(perl-)rename – a must-have!


^ This!

Ever did some stupid for i in *.foo; do someconvert $i ${i}.bar; done , and hated the double “.foo.bar” extension? Or started naming files “1-foo“, “2-bar“, reached 10, and had to pad all the filenames with a zero? Hated doing it by hand, or writing stupid bash scripts to do it? Just use rename!

If you call in next 15 minutes, you will get a free…

…yes, yes, i know, but it’s a really useful tool!

Here are some examples stolen from the documentation page:

 rename 's/\.flip$/.flop/' # rename *.flip to *.flop
 rename s/flip/flop/ # rename *flip* to *flop*
 rename 's/^s\.(.*)/$1.X/' # switch sccs filenames around
 rename 's/$/.orig/ */*.[ch]' # add .orig to source files in */
 rename 'y/A-Z/a-z/' # lowercase all filenames in .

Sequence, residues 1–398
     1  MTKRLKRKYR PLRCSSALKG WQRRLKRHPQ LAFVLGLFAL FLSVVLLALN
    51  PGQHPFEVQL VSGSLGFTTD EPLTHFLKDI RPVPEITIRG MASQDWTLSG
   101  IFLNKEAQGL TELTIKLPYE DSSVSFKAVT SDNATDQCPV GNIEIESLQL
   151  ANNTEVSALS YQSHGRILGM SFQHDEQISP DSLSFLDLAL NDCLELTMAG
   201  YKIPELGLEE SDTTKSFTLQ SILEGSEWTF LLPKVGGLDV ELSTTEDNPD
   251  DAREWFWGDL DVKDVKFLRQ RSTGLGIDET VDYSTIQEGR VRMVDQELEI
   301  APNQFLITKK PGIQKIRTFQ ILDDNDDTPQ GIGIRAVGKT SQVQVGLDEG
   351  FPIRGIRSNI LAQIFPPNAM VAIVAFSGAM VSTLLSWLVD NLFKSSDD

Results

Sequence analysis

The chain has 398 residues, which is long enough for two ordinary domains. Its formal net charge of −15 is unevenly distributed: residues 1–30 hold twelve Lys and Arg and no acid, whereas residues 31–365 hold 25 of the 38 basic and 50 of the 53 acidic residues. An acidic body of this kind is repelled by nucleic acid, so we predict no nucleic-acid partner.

rename 'y/A-Z/a-z/ if -B' # same, but just binaries!

Rooting Google Pixel XL (N2G47O – May 2017 update)

First, do the usual stuff (unlock bootloader, enable usb debugging, verify that adb and fastboot work,…)

Download TWRP bootable image from here, and boot it via fastboot:

fastboot boot /path/to/twrp-blahblah.img

TWRP will ask you for your devices password, so enter it. Then download the lastest version of SuperSU from here, and push it to the device:

adb push SR3-SuperSU..blahblah...zip /sdcard/supersu.zip

Since the bootloader verifies the signatures via dm-verify, you need to sign them. Download the ‘VerifiedBootSigner’ tool from here, and push it to the device (same command as before, just a different zip filename).

adb push VerifiedBootSigner-v3.zip /sdcard/vbs.zip

Then, using the TWRP gui on the phone, pick ‘install’, and first install the SuperSU zip (supersu.zip), and immediately after that (without rebooting, just go back after the SuperSU install is finished) install the VerifiedBootSigner (vbs.zip) package.